3 Flight Crew Risks that We Don’t See


Airfreight workers, plane cabin crews as well as pilots, and other airborne professionals are at risk. They are dying as we speak. Every day, worldwide, someone up in the sky is risking their life to deliver air freight services in the Philippines or make you understand how to use the emergency floatation device in case the plane accidentally makes an emergency landing.

We’re not talking about the emergency landing per se because even the risk of aircraft accidents has significantly plummeted (pun intended) in the last year. No, we are actually talking about health risks like

The Cosmos is trying to Kill Flight Workers

Air freight in the Philippines is becoming a viable option both as a business venture and a career path but flight crews are at a greater risk of getting cancer and other cell-related illnesses just from being in the skies for too long.

That’s because they are constantly being exposed to cosmic radiations. For people just transiting, there’s only so little radiation that they are exposed to and that’s OK but for the others who fly for a living, that “little” radiation builds up over time into cancer, impotence, and even incapacity to bear offspring. Constant exposure even merits that a flight crew be treated as a radiation worker as well.

Females deal with Mental Health Issues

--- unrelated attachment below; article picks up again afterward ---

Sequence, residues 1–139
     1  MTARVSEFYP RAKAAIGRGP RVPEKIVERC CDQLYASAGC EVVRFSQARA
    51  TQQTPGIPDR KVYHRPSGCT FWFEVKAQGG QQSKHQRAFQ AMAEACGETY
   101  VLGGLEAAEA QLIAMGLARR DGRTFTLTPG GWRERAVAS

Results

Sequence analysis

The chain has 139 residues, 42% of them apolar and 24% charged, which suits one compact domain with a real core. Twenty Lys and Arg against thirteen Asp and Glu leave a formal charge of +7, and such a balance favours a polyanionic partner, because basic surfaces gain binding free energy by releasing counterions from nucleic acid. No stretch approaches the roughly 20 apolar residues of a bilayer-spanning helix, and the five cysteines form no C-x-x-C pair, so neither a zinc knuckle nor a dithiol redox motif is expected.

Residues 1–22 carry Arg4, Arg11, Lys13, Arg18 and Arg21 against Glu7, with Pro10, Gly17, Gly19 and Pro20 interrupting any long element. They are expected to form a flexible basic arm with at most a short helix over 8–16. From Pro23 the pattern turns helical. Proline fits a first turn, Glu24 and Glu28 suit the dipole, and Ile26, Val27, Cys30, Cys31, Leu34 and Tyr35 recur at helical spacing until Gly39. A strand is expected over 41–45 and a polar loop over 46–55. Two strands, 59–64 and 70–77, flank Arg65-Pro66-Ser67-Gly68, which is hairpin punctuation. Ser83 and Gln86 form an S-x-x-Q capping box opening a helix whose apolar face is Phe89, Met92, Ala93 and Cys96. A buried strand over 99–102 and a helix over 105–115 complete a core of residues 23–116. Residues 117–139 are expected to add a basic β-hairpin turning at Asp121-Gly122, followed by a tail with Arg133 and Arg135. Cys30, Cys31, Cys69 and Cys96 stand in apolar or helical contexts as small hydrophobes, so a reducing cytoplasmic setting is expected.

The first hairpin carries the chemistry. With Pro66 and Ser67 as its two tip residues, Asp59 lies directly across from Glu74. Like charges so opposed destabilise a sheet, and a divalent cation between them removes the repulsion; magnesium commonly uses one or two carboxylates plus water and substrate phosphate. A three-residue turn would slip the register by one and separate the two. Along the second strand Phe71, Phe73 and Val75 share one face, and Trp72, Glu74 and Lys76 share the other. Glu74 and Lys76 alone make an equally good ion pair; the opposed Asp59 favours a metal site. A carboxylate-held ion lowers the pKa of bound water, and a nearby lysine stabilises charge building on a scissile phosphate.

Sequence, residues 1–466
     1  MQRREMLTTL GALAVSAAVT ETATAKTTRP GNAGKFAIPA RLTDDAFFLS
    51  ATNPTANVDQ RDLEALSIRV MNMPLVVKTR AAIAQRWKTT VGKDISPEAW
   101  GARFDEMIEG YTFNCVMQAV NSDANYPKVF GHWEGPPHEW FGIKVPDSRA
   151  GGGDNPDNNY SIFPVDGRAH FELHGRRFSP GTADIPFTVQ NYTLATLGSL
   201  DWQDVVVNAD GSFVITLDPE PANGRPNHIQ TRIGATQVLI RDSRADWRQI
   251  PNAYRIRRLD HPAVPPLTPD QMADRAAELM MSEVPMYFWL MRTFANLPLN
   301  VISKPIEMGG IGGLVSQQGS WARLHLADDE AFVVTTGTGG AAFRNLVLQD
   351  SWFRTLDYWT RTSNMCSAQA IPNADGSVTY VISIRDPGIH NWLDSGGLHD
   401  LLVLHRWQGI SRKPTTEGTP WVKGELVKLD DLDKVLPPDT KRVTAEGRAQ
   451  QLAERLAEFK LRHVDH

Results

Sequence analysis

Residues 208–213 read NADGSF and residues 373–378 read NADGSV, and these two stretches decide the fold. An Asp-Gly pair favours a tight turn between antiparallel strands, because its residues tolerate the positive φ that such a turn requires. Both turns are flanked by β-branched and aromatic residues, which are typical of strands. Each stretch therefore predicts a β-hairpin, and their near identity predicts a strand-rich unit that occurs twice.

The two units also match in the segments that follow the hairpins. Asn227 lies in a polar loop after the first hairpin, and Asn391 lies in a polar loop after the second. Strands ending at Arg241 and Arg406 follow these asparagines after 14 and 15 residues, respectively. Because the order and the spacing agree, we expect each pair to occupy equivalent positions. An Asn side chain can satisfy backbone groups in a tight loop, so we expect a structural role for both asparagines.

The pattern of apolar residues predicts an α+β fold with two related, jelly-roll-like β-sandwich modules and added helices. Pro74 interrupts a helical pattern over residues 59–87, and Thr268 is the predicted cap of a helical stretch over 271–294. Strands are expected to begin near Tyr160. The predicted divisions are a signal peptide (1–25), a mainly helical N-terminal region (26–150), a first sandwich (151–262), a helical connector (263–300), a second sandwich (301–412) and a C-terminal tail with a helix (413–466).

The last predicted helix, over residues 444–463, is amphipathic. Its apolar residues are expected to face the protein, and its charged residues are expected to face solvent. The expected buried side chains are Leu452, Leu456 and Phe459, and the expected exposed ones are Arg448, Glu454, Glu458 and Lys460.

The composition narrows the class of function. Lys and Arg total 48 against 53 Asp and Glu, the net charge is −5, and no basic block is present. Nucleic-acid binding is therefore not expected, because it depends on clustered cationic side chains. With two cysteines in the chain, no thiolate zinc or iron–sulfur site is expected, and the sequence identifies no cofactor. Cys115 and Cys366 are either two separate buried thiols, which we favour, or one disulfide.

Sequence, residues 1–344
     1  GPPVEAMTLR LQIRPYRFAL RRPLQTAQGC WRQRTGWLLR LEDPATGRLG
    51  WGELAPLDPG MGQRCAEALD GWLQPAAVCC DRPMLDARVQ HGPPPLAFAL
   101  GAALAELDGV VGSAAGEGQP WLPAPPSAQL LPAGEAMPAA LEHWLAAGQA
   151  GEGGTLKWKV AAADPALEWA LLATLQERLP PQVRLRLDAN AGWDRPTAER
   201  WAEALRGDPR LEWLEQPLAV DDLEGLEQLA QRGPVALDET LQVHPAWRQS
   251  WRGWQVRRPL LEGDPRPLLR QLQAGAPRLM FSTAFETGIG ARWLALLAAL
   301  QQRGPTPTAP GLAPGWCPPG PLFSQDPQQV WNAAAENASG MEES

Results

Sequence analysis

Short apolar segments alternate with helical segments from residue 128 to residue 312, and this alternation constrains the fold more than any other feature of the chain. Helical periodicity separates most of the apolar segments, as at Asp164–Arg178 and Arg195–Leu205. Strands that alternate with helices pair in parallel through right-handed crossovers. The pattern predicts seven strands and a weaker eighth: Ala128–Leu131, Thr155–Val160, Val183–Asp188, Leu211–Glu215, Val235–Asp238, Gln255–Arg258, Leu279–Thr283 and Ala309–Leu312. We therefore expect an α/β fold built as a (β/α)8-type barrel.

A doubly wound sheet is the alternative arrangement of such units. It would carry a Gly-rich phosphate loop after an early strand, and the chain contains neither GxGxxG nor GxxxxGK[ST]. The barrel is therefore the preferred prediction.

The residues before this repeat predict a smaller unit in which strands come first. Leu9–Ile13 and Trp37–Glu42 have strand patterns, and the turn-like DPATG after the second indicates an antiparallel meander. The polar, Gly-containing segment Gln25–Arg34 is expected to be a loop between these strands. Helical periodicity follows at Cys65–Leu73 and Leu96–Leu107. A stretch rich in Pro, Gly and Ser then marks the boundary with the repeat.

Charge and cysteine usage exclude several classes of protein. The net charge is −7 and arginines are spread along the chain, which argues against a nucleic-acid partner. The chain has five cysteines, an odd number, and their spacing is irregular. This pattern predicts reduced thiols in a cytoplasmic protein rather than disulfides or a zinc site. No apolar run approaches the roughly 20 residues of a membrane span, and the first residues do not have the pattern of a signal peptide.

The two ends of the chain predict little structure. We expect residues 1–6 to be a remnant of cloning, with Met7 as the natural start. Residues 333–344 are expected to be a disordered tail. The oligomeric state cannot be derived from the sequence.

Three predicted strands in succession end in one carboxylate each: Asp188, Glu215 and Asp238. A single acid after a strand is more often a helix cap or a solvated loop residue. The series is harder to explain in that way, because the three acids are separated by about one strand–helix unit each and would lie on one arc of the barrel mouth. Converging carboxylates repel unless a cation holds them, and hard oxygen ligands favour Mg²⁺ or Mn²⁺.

Although this factor may be more incidental and less associative, mental illness is a serious issue that can potentially take lives especially of flight attendants and more specifically of the females. Although there is alarmingly little literature on the subject, the objectification of women takes a mile-high toll for flight attendants so much that it causes anxiety, depression, and suicide.

To add to that, constant pressure from the work environment isn’t helping the situation at all, with 48% of flight crew regarding their health as fair or failing.

Men Deal with Sex Issues

And we don’t mean just becoming impotent as pointed out in the first item—apart from having a high rate of suicide and alcohol-related death, there is an alarming trend of male flight attendants dying because of HIV-related illnesses. What is more concerning is that flight, in the same way, that some countries are more keen to people living with HIV, some airlines also restrict employment if an applicant has the virus, presumably because they could potentially spread it elsewhere. As to why HIV has begun to eat away at male flight attendants is still a mystery.

There are more things to air related work than what meets the normal person’s fancy; some of the biggest risks that people in the industry take do not include planes falling from the sky. If you know someone who is a flight attendant or is constantly flying because they are part of an air freight provider in the Philippines, US, or other parts of the world, it might be best to tell them the risks that they might be overlooking.

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